>> problem.  Regardless of ".0" releases, we should be forcing out minor releases,
>> which are morally similar to "service packs" in the vocabulary of other vendors:
>> device driver improvements, new CPU support, steady of conservative feature
>> development, etc, required to keep older major releases viable on contemporary
>> hardware and with contemporary applications.  One known problem is using a
>> single "head" release engineer in steering all releases. I think this is a
>> mistake, as it makes the whole project's release schedule subject to individual
>> unavailability, burnout, etc, as well as increasing the risks associated with
>> low bus factor.  I'd like to see us move to a model where new release engineers
>> are mentored in from the developer community for point releases, ensuring that
>> we increase our expertise, share knowledge about release engineering in the
>> broader community, and get new eyes on the process which can lead more readily
>> to process improvements.  The role of the "head" release engineer shouldn't be
>> hands-on prodution of every release, but rather, steering of the overall team.
>>
>> I'd like to see this begin with 8.3, drawing a per-release lead from the
>> developer community, and continue with a fixed schedule release of 8.4.  Yes,
>> more staffing is needed, but first, what is needed is an improvement in model.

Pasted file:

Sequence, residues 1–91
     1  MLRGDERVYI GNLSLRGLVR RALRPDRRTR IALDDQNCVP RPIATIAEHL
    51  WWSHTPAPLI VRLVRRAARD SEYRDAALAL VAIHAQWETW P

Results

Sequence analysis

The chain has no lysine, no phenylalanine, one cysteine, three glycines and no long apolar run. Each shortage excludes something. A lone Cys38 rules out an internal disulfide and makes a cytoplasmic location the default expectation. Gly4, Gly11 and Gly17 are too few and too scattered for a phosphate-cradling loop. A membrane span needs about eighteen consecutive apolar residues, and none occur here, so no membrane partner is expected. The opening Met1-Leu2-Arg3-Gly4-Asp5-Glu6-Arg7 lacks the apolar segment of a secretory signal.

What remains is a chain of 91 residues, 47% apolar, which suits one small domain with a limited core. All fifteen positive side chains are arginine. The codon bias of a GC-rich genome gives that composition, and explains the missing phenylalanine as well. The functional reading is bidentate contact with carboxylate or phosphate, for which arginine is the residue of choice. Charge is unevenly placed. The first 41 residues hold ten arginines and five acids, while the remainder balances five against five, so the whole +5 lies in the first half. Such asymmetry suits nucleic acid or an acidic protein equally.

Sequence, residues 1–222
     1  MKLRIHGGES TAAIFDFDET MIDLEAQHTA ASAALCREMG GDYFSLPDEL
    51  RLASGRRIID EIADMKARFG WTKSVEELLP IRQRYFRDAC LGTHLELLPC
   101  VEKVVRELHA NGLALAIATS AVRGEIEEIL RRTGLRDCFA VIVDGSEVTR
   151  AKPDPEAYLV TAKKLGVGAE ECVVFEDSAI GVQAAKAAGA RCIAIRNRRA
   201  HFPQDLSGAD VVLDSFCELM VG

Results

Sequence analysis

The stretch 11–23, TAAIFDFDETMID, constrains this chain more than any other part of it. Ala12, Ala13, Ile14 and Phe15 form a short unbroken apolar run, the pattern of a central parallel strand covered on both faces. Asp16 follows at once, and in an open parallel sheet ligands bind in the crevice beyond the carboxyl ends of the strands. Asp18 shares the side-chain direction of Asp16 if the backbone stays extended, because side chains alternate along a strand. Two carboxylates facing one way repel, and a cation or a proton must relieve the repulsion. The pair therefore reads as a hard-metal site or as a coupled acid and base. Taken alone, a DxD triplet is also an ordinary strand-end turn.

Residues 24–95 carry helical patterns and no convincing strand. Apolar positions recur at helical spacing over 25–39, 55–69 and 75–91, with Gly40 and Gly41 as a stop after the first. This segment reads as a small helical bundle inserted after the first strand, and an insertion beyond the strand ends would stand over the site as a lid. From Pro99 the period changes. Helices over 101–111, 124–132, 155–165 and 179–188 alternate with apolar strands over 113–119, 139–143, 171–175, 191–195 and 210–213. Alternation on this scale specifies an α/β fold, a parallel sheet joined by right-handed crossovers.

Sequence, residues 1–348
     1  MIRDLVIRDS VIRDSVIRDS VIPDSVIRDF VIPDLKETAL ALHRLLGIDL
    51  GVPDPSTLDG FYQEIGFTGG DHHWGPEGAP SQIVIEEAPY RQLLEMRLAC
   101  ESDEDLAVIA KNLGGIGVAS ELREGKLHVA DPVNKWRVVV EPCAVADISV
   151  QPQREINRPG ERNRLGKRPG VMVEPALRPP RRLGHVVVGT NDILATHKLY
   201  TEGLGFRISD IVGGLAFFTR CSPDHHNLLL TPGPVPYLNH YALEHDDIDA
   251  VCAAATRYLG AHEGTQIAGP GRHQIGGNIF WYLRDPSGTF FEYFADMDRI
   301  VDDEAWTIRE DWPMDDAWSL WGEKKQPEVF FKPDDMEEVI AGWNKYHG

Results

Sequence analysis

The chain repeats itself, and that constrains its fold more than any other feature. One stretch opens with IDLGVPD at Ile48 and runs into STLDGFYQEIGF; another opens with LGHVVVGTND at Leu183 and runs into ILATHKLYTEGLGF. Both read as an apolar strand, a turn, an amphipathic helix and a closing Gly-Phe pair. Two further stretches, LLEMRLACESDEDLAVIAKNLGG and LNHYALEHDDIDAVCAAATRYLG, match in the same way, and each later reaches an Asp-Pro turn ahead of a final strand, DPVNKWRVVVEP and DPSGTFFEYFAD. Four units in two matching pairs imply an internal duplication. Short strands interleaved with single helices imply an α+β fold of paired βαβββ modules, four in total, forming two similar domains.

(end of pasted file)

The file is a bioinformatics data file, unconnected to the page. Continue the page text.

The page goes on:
>
> Robert,
>
> I think that in addition to what you suggest above it would also be useful to
> have some sort of branch meisters.  The current model when every developer
> decides whether and when and where to do an MFC does not seem to be the proper
> one.  Developers often forget to do an MFC.  Or decide against an MFC when there
> is no reason to do so.  Or sometimes do an MFC where the stable branch users
(Continue reading)

Andriy Gapon | 18 Jan 18:56 2012
Picon

Re: FreeBSD has serious problems with focus, longevity, and lifecycle

on 18/01/2012 19:13 Daniel Eischen said the following:
> "someone who owns a branch..." - If you cut release N.0, do not
> move -current to N+1.  Keep -current at N for a while, prohibiting
> ABI changes, and any other risky changes.  If a developer wants to
> do possibly disruptive work, they can do it from their own repo.

I am totally against this.

--

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Andriy Gapon
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Igor Mozolevsky | 18 Jan 20:09 2012
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Re: FreeBSD has serious problems with focus, longevity, and lifecycle